Rather than making history for its deep recession and record unemployment, 2009 might instead be remembered as the year business startups reached their highest level in 14 years – even exceeding the number of startups during the peak 1999-2000 technology boom.
According to the Kauffman Index of Entrepreneurial Activity, a leading indicator of new-business creation in the United States, the number of new businesses created during the 2007–2009 recession years increased steadily year to year.
In 2009, the 340 out of 100,000 adults who started businesses each month represent a 4 percent increase over 2008, or 27,000 more starts per month than in 2008 and 60,000 more starts per month than in 2007.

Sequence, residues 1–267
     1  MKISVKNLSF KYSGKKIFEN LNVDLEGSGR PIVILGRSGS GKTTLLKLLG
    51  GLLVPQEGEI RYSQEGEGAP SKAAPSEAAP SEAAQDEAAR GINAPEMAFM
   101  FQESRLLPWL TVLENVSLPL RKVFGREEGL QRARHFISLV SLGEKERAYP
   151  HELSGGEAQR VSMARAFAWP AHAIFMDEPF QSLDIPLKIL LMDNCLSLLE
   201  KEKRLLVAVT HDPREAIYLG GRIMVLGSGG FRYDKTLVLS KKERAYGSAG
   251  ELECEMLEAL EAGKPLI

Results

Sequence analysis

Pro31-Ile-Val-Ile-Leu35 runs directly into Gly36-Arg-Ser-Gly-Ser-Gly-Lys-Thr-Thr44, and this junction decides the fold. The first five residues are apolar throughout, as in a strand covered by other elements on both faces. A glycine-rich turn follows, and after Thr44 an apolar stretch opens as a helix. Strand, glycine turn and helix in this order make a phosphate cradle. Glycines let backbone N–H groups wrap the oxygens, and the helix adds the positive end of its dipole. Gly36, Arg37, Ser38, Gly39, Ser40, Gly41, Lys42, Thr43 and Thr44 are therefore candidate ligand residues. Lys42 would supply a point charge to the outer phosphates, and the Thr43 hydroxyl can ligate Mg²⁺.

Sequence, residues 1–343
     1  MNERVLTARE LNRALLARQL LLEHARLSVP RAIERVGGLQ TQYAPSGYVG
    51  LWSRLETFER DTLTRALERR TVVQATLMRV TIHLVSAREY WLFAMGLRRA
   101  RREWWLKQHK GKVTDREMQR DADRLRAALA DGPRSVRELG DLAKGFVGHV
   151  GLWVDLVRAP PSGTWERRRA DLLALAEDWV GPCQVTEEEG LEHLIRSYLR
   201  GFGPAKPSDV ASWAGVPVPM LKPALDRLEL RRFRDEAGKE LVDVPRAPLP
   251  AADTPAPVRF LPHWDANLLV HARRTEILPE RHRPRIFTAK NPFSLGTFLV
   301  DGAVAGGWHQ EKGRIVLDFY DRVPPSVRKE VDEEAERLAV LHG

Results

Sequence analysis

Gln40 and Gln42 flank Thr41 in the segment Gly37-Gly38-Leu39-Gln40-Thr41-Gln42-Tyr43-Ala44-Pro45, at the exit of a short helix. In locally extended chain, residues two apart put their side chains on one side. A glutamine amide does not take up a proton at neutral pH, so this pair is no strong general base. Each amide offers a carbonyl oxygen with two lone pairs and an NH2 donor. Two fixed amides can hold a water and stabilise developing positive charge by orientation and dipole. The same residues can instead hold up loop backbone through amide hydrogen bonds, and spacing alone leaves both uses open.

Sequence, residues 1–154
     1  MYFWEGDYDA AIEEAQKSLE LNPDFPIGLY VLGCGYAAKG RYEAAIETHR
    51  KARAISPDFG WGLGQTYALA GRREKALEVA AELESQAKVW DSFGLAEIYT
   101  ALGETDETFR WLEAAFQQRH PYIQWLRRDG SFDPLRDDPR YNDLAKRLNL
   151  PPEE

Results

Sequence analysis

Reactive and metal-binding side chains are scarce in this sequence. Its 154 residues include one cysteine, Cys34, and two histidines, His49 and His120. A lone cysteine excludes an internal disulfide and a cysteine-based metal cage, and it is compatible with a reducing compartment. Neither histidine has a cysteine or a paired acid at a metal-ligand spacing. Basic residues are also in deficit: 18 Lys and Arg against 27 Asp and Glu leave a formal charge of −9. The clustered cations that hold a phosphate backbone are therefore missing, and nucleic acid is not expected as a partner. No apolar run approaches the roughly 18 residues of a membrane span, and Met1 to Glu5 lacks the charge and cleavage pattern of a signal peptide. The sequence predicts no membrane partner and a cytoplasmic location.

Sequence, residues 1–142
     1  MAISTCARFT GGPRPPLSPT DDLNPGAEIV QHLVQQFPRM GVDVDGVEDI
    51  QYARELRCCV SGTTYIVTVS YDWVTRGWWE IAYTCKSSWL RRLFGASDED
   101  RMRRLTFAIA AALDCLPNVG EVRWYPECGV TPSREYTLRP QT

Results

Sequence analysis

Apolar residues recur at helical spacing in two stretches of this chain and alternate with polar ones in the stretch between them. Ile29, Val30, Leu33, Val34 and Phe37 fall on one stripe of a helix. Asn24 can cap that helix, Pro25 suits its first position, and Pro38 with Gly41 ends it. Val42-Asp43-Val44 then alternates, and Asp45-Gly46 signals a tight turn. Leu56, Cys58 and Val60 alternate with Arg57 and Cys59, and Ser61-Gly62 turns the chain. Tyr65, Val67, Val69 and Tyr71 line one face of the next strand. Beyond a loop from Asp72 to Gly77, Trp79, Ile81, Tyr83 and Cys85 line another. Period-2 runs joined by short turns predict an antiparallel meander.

“Challenging economic times can serve as a motivational boost to individuals who have been laid-off to become their own employers and future job creators,”said Carl Schramm, president and CEO of the Kauffman Foundation.
“Because entrepreneurs drive the economy, the growth in 2009 business startups is encouraging and hopefully points to a hopeful trend in terms of our economic recovery.”
Photo by Kauffman Foundation.
|100 people you must follow on twitter in 2014|
|How the heck does the stock exchange work, anyway?|
|This Video Will Make You Wish You Were an Entrepreneur in the 1980s|
|The Chinese Train That Never Stops|
|Even the Shopping Cart Needed Marketing|
|Entrepreneurs Take Too Many Showers|
|Science is Cool, Even the Science of Christmas Trees|
|3D Print Your Unborn Baby|
|How to Attract Better Clients|
|The Economics of North Dakota’s Oil Boom|